The Walden Effect: Farming, simple living, permaculture, and invention.

Home made hydrogen power

  hyrogen powered chicken coop door opener

A perfect complement to yesterday's solar powered automatic chicken coop opener would be this portable hyrdogen generator.

Kristie Lu Stout has an interesting post about this exciting new product that will allow everybody to generate their own hydrogen from water and store it in a safe, low pressure battery-like container. No word yet on how much it might cost, but plans are to have a tabletop model available by the end of 2010.

Getting off the grid with solar or wind has always come back to battery storage. If this technology improves, it could replace most of those expensive and toxic chemical batteries and bring alternative energy within the reach of the common homesteader.

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About us: Anna Hess and Mark Hamilton spent over a decade living self-sufficiently in the mountains of Virginia before moving north to start over from scratch in the foothills of Ohio. They've experimented with permaculture, no-till gardening, trailersteading, home-based microbusinesses and much more, writing about their adventures in both blogs and books.

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While hydrogen is a clean energy carrier, it does have its problems.

  • Really low density be it gaseous or liquid. This means that you'll need very big tanks. (check out the externel fuel tank on the space shuttle. The cone on top contains liquid oxygen, the rest is liquid hydrogen)
  • Really hard to store. Hydrogen will leak slowly through pretty much any container because its molecules are so small. That's why attempts to create composite hydrogen tanks for spacecraft have failed, at least until now. It also embrittles many metals.

So to get a reasonable amount of energy stored, you need to put it under really high pressure, or cryogenically cool a high volume of the stuff. Both are hard/dangerous. A hydrogen fire is extremely hot but does not give off much visible light. It also takes very little energy to ignite a hydrogen/air mixture, about 1/10th of the energy that it takes to ignite a gasoline/air mixture.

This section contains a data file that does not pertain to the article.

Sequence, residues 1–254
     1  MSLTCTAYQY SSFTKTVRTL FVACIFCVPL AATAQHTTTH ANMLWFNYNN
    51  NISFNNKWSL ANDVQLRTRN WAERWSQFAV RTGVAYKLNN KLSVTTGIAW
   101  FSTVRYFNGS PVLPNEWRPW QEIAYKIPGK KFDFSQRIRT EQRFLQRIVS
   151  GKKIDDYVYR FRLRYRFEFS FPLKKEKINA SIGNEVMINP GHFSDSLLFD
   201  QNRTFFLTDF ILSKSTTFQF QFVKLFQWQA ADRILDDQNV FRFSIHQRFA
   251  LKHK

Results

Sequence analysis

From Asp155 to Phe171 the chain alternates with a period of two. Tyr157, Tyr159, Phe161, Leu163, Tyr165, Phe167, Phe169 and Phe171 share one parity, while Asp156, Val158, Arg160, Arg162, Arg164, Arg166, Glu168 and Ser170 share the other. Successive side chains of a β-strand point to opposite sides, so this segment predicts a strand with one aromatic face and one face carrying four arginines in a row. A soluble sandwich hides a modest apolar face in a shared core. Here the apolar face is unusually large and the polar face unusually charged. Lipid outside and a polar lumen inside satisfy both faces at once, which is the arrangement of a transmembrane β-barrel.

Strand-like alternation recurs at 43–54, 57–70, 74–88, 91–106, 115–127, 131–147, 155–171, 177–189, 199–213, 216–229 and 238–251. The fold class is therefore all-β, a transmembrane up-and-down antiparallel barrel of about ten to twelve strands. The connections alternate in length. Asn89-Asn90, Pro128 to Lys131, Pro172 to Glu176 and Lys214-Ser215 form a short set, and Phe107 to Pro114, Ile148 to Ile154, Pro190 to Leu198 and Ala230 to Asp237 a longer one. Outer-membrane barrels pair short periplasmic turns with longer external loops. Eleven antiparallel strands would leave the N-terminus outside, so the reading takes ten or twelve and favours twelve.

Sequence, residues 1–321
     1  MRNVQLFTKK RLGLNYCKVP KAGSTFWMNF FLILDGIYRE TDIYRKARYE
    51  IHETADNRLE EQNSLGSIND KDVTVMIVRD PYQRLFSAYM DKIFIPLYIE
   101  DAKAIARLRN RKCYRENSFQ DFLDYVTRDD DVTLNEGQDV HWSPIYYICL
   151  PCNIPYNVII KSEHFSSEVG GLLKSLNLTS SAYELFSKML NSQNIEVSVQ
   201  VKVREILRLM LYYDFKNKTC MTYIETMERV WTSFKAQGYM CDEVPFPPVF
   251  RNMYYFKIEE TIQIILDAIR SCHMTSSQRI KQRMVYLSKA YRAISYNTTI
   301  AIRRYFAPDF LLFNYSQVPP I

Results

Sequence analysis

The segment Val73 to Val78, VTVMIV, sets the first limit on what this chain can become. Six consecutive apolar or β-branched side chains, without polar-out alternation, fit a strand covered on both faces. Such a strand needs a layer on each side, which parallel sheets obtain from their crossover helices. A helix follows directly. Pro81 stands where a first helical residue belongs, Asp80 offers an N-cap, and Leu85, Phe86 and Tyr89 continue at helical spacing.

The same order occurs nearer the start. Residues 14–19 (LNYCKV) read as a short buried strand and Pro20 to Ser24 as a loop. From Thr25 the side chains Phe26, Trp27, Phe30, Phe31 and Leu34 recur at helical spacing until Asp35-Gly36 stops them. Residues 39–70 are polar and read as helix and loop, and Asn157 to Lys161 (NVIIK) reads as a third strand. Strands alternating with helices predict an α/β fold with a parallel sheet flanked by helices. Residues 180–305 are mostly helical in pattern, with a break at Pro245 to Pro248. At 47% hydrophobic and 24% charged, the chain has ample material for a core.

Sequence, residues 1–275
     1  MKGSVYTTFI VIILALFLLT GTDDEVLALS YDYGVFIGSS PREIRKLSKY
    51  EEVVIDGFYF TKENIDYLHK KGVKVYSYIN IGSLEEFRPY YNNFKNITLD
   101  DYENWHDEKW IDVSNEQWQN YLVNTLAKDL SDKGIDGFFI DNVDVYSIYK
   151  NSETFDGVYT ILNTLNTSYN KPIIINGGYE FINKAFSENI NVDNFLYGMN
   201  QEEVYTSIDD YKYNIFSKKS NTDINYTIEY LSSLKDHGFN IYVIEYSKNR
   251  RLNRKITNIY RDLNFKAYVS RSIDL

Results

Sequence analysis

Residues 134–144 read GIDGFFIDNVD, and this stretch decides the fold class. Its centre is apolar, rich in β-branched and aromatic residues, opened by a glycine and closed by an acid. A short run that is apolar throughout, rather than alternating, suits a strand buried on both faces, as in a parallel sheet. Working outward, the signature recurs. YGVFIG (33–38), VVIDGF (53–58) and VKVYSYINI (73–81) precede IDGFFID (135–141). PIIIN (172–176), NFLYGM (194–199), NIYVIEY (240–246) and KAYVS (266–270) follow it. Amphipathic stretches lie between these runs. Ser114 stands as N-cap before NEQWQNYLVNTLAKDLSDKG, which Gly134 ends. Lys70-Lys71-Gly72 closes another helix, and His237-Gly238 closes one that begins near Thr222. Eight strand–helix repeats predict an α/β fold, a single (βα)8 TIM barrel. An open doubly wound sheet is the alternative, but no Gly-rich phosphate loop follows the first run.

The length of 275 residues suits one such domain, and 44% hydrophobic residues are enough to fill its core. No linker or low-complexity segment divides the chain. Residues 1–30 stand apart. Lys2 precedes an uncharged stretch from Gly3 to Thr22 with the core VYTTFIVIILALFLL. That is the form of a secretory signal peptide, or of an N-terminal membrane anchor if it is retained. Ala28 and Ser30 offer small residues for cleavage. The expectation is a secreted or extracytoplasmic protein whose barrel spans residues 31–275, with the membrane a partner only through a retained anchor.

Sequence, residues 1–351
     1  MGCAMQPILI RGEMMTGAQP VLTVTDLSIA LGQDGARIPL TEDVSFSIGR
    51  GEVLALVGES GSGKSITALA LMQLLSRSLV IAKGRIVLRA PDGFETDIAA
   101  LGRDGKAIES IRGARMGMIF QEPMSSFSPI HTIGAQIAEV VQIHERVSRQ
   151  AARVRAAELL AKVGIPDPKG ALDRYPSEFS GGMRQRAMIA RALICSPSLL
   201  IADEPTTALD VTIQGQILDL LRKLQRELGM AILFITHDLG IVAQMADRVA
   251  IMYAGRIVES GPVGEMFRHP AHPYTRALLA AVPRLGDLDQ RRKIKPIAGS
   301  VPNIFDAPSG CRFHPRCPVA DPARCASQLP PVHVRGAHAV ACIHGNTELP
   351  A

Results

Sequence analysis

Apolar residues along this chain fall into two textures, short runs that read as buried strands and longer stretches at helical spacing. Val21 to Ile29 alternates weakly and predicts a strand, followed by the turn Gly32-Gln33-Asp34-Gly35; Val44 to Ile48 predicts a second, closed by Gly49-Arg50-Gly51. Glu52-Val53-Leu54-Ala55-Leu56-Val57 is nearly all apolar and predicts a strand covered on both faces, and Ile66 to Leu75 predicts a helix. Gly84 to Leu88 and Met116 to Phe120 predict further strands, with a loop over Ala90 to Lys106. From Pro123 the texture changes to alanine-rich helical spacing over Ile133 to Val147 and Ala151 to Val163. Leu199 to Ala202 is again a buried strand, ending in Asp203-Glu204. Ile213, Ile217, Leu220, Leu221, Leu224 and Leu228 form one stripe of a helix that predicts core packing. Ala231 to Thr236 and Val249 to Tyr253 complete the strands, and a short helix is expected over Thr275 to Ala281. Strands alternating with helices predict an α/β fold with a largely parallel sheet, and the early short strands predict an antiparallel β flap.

So as energy storage, alcohols like ethanol are much safer, because they are liquid are room temperature and pressure.

Comment by Roland_Smith Tue Feb 9 02:29:16 2010
Hmm --- maybe they dealt with some of the problems, which could be why people are excited by it? We'll have to wait and see if it's a real wave of the future or just another gimmick. :-)
Comment by anna Tue Feb 9 08:03:34 2010

Hmm, it looks like they're storing the hydrogen by bonding it to a metal, in the form of a metal hydride. According to the manufacturers documentation, the energy density of these storage capsule is about the same as that of a good Li-ion battery (160 Wh/kg). Given that you'd have to feed the hydrogen to e.g. a PEM fuel cell with an efficiency of 40-60%, practical energy density is about half of that of a battery.

If you look at the manufacturers website, these canisters are for an open toy RC car. Now, for metal hydrides to give off hydrogen, you have to heat them. Usually this is done with waste heat from the fuel-cell. Given that hydrogen leaks easily, and there is a hot fuel cell generating electricity nearby, I'd be cautious about putting a scaled-up version of such a device in an enclosed space. You'd have all the ingredients for "goes boom" in one convenient package. :-)

There are already fuel cells commercially available that can directly use e.g. methanol. If a carbon-neutral and efficient way could be found to generate methanol (or syngas, because that is easily converted into methanol), that sounds like a safer option. See the methanol economy article. Methanol is harder to ignite than gasoline, easy to store, and has an energy density an order of magnitude greater than highly compressen hydrogen and 15 times higher than a Li-ion bettery.

Comment by Roland_Smith Tue Feb 9 14:01:49 2010
Methanol sounds intriguing --- I'd never even heard mention of it. Maybe if we're lucky one of these options will come together before too long! The toxicity of batteries does make me concerned about the sustainability of our golf cart as an on-farm travel option...
Comment by anna Tue Feb 9 15:25:29 2010

Well, pretty much every kind of rechargable battery available today uses toxic and/or highly reactive components. At least lead/acid batteries can be and are recycled pretty effectively.

Maybe ultracapacitors will one day be able to replace batteries, not not for a while. With the current trend towards electric cars, there is a lot of work being done on storing electric energy. Something useful will pop up sooner or later.

Comment by Roland_Smith Tue Feb 9 15:56:06 2010
Yeah, I figure it's just a waiting game. If I can be patient (not one of my virtues), something ecologically friendly will pop up eventually!
Comment by anna Tue Feb 9 18:29:22 2010
The points like hoe hydrogen molecules react and a overall bonding gets formed, are good. I like the blog.
Comment by Anushka Tue Jun 1 02:05:51 2010
Thanks! :-)
Comment by anna Tue Jun 1 08:01:20 2010

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